Are post-separation disability payments "marital", under Pennsylvania law?

The Pennsylvania Superior Court recently dealt with the question of whether post-separation disability payments are marital. In Yuhas v. Yuhas, the husband was a vascular surgeon who developed carpal tunnel syndrome in 2007 and so could not practice surgery. Fortunately, Husband had a disability income policy that paid for such eventualities. The injury occurred prior to the parties' separation in 2007 and everybody agreed that the pre-separation disability payments were marital. But what about the payments made after 2007?

Pennsylvania divides up property in a divorce by "equitable distribution", found at 23 PaCSA 3501. The general rule is that property acquired during the marriage is marital and property acquired after separation (or before the marriage) is not marital. Here, the injury occurred before separation. Ordinarily, if a spouse is injured (in say a car accident) before separation, the personal injury payout is marital even if the case is settled after separation and the money arrives after separation.

The twist here is that the continuing disability payments were contingent upon the continuing post-separation disability of Husband, not just the injury that occurred during the marriage. Moreover, the payments were made under an insurance contact, not from a legal action such as a personal injury suit.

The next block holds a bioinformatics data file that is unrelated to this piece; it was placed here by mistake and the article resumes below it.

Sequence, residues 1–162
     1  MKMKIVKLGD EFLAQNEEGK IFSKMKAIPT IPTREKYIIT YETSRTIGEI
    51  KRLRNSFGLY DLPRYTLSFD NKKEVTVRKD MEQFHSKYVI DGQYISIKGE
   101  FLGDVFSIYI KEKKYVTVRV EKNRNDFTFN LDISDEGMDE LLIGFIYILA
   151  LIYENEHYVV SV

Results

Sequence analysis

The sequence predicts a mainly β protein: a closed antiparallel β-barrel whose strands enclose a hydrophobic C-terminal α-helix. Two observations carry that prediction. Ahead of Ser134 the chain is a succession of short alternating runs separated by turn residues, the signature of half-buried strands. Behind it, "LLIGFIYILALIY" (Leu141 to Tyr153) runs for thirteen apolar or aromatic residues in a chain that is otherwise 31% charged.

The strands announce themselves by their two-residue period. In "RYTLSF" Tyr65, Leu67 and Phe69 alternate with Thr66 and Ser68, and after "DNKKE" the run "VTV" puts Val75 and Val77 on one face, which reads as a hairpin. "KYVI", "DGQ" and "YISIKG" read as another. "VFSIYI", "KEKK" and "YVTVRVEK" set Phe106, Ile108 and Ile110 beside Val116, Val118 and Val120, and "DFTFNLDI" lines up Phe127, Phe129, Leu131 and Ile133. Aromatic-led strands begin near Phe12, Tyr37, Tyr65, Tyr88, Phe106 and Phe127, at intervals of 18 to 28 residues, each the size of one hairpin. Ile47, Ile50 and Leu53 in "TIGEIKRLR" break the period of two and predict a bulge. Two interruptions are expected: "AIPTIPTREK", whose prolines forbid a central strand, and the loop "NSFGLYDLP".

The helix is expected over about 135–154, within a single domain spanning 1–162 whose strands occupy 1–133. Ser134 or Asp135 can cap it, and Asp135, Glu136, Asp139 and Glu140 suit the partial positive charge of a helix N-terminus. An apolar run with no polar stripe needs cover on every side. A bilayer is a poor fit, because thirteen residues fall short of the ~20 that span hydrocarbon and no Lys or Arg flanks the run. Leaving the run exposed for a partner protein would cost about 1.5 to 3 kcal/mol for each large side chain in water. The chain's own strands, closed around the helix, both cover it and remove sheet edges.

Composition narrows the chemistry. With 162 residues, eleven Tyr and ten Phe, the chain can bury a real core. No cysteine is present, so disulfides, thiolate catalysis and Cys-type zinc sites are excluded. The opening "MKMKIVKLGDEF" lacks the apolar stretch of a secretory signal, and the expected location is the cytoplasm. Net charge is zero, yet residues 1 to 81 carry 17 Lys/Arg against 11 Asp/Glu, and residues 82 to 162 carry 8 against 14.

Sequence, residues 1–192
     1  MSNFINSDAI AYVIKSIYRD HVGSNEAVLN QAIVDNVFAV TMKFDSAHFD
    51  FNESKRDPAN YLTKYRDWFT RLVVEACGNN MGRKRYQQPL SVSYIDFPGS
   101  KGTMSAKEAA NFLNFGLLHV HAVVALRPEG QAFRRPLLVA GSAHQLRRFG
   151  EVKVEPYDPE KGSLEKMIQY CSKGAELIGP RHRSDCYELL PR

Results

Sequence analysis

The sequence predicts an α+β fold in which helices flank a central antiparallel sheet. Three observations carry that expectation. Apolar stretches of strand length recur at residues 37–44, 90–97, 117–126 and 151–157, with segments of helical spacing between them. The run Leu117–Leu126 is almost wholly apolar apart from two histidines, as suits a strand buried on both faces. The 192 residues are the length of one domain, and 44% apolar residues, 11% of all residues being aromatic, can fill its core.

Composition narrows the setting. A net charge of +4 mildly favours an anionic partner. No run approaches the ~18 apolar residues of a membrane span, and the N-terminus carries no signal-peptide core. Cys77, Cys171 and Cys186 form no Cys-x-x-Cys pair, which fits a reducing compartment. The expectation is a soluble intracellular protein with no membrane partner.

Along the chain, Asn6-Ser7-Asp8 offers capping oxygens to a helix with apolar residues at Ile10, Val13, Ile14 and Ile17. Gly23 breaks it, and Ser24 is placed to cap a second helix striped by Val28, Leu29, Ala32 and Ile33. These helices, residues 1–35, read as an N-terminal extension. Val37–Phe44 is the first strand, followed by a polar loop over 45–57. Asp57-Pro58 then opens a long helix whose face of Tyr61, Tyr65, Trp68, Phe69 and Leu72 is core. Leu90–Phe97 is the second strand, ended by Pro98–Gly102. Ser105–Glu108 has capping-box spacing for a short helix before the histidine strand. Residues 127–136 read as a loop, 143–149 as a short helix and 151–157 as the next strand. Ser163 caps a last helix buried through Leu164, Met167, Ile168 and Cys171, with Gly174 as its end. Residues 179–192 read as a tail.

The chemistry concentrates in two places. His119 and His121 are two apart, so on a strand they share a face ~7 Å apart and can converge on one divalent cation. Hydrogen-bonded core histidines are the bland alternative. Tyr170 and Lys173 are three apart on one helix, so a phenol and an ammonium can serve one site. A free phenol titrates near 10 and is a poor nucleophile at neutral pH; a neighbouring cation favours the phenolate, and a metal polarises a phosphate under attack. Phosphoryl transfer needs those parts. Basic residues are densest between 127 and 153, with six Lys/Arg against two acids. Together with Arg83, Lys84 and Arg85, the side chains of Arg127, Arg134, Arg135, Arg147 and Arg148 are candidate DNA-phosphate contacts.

So, the Superior Court analyzed Section 3501(a)(8) which provides that post-separation payments are not marital for "any payment received as a result of an award or settlement for any cause of action or claim which accrued prior to the marriage or after the date of final separation regardless of when the payment is received". So, when did Husband's right to seek his disability payments "accrue"? Before separation when he was injured or after separation for each month he stays injured? The Court decided that the payments were not marital because they were contingent upon proof of Husband's continued inability to work - not just inability during the marriage.

Such payments would still probably be income for spousal support or alimony, but that was not at issue in this case. The citation is Yuhas v. Yuhas, 2013 WL 5783117 (Pa. Super. 2013)